« The Three Racans | ‘Lost Articles’ | The Venetian Horseman »

The Excellent Preacher

A young Preacher, who had a very handsome mien, a melodious voice, a graceful action, and all the other agreeable charms which please in declamation, having mounted the pulpit, suddenly lost his memory, and not a word of the sermon could he recollect. To quit the pulpit would have been dishonourable; to speak was more difficult, for he had nothing to say. What was to be done in this extremity? He resolved to remain collected, and to make the best use of his voice and action, without pronouncing any thing but unconnected words, imperfect sentences, and pathetic exclamations: such as fors, buts, ifs, yets, ohs! ahs! you’ll please to observe, &c. Never did a Preacher appear with more grace and animation. He expanded his lungs, he made pathetic exclamations, and waved his hand in a thousand graceful manners. The pulpit shook; and the vault of the church, which was vast, re-echoed to all the vociferations he sent forth. The audience preserved a profound silence: every one inclined his ear, and redoubled his attention to catch sentences which were never spoken. Those who sat near the pulpit, said—‘We are too near; we cannot hear a sentence!’ Those who sat remote, complained of the distance, which caused them to lose the most wonderful sermon they ever heard. In a word, our Preacher kept his auditors in this manner for three quarters of an hour, all of them complaining of their seats. When he withdrew, their acclamations followed him; and they resolved, the next time he preached, to chuse their places with more care, and not deprive themselves of the fruits of a sermon which they were sensible was never equalled.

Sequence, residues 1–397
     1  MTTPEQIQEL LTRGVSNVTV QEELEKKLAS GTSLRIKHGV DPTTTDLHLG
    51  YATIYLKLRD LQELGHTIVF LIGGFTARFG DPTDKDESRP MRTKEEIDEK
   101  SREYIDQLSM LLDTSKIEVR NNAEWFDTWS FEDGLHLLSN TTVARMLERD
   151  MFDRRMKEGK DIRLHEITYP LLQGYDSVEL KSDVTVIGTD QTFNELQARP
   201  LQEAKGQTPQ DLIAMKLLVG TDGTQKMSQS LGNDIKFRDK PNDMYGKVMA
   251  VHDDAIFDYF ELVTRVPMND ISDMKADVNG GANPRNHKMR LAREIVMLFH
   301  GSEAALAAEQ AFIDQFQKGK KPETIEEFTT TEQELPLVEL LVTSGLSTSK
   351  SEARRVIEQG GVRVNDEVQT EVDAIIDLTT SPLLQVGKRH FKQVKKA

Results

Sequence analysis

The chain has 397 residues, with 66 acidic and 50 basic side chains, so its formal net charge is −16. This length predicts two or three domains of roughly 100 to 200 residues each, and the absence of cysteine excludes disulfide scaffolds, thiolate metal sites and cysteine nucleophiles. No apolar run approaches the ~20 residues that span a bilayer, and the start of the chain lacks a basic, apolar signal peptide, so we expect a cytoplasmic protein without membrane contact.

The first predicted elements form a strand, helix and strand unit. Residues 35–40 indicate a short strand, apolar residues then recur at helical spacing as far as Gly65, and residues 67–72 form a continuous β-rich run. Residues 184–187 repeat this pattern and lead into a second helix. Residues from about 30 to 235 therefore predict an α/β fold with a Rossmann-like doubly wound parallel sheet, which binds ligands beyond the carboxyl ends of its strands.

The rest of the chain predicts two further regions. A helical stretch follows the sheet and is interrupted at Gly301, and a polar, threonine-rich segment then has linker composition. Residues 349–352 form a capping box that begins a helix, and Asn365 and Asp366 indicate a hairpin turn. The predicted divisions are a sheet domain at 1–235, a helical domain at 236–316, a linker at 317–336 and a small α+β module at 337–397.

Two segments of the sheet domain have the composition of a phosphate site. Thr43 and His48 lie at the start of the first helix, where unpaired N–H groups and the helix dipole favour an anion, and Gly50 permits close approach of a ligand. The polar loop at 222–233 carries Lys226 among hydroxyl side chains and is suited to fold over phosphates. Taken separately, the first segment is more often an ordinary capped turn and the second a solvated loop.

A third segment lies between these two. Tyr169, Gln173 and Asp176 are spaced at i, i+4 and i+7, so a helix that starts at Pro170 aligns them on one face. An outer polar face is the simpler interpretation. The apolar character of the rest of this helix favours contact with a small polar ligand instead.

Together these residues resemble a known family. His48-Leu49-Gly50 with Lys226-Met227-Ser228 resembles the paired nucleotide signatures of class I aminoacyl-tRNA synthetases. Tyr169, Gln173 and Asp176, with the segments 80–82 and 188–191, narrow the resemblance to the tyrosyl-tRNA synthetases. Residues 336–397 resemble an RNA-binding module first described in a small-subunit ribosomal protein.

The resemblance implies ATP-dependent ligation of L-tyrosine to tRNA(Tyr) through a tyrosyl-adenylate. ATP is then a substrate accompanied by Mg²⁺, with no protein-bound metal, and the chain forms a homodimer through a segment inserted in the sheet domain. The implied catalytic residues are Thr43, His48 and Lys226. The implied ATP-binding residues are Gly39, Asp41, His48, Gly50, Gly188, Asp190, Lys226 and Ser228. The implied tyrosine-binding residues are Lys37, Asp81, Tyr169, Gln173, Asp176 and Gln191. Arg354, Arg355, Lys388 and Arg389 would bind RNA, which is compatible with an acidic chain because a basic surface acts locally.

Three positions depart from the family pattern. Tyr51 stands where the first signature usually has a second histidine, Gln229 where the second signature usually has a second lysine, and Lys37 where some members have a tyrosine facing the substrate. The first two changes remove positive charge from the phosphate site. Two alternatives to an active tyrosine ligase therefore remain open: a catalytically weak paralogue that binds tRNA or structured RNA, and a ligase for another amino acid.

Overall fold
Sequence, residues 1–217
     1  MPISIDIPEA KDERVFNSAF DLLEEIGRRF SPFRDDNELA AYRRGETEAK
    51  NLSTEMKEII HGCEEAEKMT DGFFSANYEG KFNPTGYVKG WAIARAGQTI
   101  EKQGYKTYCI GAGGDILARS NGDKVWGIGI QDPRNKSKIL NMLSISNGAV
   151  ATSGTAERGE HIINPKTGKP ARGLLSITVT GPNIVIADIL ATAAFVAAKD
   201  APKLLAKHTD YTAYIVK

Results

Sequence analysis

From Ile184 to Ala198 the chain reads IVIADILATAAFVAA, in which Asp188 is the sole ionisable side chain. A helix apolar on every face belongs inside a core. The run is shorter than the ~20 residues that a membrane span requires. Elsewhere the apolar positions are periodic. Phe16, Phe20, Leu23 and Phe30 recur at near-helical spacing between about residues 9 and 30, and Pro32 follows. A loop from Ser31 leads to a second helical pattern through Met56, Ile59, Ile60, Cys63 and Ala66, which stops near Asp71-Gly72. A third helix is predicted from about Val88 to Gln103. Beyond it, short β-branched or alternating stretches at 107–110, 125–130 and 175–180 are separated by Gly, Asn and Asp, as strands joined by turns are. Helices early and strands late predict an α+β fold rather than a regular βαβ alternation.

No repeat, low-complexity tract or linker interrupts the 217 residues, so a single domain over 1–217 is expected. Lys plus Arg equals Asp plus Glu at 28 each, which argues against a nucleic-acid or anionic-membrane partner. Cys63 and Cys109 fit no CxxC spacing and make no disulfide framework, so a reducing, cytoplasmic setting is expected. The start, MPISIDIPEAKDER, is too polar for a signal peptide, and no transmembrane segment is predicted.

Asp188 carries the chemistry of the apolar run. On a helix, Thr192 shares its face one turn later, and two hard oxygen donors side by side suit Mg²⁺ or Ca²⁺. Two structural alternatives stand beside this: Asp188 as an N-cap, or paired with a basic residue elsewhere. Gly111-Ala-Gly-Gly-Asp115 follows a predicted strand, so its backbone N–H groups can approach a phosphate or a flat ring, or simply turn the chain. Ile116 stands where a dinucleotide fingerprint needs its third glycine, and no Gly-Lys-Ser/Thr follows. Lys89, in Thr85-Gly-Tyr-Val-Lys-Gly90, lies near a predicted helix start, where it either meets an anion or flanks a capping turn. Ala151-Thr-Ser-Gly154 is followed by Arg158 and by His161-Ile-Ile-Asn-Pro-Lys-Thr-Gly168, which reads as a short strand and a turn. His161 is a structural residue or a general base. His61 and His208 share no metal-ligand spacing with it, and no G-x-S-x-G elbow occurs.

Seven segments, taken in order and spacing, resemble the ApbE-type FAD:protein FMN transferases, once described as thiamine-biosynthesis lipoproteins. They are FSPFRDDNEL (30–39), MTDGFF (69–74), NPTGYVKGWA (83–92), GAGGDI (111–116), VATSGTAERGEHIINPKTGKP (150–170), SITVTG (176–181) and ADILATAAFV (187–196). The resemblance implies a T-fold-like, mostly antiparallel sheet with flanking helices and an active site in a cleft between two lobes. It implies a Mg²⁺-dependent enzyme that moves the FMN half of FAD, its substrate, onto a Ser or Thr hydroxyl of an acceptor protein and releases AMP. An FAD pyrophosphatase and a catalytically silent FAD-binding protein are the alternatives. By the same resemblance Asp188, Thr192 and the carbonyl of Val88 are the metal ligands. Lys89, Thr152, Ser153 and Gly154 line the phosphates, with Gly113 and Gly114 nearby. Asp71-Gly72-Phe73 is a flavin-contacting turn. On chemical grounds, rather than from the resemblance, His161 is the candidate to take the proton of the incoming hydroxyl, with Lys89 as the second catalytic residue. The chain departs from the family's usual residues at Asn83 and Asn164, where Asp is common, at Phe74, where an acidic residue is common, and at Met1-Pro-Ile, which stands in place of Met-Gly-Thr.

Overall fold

This anecdote will shew, that a Preacher may succeed without reason or imagination; and, if we judge by some who enjoy a good reputation, it will tend to prove that a musical voice, balacing the hands, and uttering warm exclamations, are the chief requisites for a declaimer in the pulpit.